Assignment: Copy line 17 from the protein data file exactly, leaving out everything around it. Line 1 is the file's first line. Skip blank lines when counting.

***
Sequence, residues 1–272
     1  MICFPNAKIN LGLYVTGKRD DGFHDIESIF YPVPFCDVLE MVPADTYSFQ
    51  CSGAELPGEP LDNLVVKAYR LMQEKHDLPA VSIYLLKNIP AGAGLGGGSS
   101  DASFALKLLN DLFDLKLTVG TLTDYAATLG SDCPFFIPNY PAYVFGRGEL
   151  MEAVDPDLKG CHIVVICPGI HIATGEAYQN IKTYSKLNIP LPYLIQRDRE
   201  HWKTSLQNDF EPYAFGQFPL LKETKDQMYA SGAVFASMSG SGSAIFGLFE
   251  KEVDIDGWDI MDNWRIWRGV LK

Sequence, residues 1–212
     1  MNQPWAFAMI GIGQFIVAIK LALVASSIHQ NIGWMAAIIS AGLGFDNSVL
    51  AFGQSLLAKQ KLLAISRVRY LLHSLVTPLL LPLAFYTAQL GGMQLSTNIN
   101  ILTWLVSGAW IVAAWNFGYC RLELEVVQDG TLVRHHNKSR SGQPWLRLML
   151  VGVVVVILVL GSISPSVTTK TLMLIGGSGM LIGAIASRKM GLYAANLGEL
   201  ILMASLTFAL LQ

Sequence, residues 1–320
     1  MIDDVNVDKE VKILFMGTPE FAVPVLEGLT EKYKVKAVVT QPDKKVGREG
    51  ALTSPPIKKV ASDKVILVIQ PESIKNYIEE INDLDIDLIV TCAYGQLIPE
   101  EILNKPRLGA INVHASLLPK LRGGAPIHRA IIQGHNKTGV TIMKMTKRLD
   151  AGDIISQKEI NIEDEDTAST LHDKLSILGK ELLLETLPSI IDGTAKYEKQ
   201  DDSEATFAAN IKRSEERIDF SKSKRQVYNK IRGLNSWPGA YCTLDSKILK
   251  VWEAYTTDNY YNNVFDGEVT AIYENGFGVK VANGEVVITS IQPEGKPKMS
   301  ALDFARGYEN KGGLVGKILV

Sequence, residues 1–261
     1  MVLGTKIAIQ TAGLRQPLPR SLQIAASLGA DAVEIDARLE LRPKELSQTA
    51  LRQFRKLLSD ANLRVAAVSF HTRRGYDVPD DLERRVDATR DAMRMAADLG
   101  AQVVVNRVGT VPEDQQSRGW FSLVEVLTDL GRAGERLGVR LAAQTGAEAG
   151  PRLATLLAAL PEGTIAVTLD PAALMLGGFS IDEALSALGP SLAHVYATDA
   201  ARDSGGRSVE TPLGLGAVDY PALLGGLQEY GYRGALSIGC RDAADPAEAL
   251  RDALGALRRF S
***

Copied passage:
   101  EILNKPRLGA INVHASLLPK LRGGAPIHRA IIQGHNKTGV TIMKMTKRLD